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HealthNovember 30, 2021

How advanced practice nurses can expand their skills to make improvements in patient care outcomes

By: Pegge Bell, PhD, RN, WHNPCarolyn Hart, PhD, RN, CNE
The American Association of Colleges of Nursing (AACN) established nine essential competencies established that have shaped the curriculum of most APN/APRN academic programs.

These competencies are comprised of: (1) a nursing practice based on knowledge of science and humanities, (2) population health, (3) health policy and advocacy, (4) informatics and technology, (5) communication and collaborative practice, (6) systems-based leadership, (7) quality and safety, (8) evidence-based practice, and (9) advanced nursing practice. With a growing interest in the improvement of patient care outcomes to demonstrate the quality of care, advanced practice nurses must apply these competencies to assure they are integral to the achievement of their organization’s goals.

Expanded nurse leadership skills

The nine competencies presented above require an expanded level of leadership as advanced practice nurses establish their careers. How can advanced practice nurses build on these competencies to meet organizational goals — and the goal of improving patient care outcomes? Here are some areas in which advanced practice nurses can expand their skills to make improvements in patient care outcomes.


The translation of research to improve the delivery of care is vital to achieving benchmarks for patient care outcomes. With so many project findings disseminated by DNP graduates, replication of those studies in terms of population, methods, and/or interventions are propelling evidence-based practices to the forefront. Advanced practice nurses should be leaders in translating research — and in asking the questions that require further investigation. They need to build on the skills they learned from the DNP project and become inquisitive — asking why and why not. They must use data to answer questions related to what is happening, why is it not working, what is the effect on patients/nurses/staff, what must be done to address the patient, process, and procedures that lead to better outcomes.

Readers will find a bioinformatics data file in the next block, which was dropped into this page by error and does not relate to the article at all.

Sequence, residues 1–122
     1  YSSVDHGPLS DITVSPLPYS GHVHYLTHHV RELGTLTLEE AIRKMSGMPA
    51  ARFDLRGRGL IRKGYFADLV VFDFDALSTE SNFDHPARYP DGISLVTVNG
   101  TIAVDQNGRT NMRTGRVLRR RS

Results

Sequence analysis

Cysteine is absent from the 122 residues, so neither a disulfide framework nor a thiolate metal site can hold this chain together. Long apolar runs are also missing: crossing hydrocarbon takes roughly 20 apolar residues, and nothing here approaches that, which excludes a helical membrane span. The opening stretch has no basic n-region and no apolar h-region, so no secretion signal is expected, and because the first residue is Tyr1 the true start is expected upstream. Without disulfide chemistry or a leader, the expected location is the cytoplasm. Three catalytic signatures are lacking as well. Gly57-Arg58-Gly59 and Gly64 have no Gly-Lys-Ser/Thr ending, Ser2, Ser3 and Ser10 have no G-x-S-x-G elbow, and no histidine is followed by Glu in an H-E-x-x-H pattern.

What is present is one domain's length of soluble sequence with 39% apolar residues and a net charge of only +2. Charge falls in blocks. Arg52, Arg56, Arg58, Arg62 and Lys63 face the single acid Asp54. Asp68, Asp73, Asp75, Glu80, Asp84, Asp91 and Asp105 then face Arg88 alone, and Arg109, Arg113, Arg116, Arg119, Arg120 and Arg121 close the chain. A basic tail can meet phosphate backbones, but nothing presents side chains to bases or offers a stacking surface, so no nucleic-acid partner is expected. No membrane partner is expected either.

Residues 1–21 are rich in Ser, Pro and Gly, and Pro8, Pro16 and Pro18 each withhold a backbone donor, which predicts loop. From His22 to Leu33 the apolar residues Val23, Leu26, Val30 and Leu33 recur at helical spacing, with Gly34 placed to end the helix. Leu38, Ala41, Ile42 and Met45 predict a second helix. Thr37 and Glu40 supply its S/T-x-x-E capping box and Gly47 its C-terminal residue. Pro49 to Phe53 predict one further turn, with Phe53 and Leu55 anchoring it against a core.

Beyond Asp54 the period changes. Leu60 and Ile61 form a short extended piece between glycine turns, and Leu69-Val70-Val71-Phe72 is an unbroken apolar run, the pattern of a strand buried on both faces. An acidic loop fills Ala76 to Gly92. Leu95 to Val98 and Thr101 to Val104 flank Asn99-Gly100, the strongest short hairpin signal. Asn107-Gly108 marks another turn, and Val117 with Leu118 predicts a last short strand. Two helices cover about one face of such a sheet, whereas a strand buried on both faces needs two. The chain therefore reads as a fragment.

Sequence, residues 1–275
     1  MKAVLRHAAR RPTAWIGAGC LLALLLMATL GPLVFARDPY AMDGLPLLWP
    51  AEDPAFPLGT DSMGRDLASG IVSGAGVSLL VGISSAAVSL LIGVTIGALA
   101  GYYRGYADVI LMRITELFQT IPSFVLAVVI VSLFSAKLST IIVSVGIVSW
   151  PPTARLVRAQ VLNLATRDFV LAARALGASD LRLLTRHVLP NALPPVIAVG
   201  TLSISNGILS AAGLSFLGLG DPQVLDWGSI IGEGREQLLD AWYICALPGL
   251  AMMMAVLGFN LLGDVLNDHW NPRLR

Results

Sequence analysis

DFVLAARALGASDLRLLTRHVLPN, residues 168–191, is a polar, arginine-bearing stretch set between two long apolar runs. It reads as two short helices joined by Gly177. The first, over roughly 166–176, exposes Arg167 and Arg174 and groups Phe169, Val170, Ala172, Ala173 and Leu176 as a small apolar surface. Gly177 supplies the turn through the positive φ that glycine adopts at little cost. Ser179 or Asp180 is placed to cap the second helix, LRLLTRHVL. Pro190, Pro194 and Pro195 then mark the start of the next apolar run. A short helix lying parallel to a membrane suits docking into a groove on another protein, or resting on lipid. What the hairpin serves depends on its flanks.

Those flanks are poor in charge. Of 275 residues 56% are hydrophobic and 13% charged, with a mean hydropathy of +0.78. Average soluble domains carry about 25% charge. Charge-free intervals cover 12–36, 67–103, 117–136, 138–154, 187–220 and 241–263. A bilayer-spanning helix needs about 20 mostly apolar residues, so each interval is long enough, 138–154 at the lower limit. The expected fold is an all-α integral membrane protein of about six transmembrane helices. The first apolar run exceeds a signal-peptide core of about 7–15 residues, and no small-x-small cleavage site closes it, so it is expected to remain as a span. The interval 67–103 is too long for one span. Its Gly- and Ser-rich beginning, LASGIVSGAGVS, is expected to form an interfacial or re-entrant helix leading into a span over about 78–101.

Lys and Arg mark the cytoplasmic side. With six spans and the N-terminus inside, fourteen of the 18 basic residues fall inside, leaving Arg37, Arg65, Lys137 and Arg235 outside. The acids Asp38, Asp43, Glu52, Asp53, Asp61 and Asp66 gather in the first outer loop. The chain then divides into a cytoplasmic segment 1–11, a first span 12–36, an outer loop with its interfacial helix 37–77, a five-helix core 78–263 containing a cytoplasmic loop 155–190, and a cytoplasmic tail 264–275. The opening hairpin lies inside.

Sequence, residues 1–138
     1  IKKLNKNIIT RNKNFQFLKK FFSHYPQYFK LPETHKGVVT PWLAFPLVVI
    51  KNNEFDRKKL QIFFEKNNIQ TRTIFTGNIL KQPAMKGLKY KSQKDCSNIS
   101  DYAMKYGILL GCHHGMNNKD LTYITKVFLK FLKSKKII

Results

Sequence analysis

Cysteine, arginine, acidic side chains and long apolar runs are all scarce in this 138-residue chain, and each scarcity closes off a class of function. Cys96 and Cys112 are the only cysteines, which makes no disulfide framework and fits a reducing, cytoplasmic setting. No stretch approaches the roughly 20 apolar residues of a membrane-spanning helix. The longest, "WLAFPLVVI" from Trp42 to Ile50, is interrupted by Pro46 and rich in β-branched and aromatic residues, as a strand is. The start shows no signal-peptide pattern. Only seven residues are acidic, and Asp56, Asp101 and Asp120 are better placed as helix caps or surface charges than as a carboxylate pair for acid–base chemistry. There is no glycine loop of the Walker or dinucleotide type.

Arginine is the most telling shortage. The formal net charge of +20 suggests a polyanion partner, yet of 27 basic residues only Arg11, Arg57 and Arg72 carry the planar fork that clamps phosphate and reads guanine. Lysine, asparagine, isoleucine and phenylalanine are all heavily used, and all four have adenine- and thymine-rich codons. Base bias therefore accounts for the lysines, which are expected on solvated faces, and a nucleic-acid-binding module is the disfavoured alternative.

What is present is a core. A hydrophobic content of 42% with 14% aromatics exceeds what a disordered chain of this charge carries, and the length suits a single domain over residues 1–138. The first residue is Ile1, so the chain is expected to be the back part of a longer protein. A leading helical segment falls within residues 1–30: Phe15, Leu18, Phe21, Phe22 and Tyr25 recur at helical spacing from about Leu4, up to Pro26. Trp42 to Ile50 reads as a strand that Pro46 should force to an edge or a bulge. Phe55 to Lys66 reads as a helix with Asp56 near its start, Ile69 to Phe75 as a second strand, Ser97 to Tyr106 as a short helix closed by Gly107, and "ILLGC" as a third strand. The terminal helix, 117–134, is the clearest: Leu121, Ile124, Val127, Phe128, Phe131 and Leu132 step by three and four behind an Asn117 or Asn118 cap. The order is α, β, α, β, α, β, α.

Entrepreneurs are risk-takers who can think out-of-the-box to solve problems by creating new services or products. Advanced practice nurses face resource challenges everyday — as do their patients. They must explore how they can turn these challenges into opportunities to create new methods to serve their patients. Entrepreneurs embrace technology to deliver care, maintain patient records, and create tools to survey patients for health indicators. The exploration of required services to open or expand clinical services often leads to entrepreneurial roles, especially if the costs of these services can be offset with grants or external funding.

Change influencer

There are numerous factors that are currently driving the need for change in the US healthcare system. Access problems, high costs, disparities in care, new quality indicators, a growing elderly population, and a pandemic that overtook the healthcare system. The success of any change will be the ability of the change agent to influence successful change. Planning the change and getting the team ready for change is just half the equation. The change must be implemented, monitored, measured, evaluated, and then sustained. Advanced practice nurses should develop successful strategies for sustaining change when it is demonstrating it contributes to improved patient care outcomes.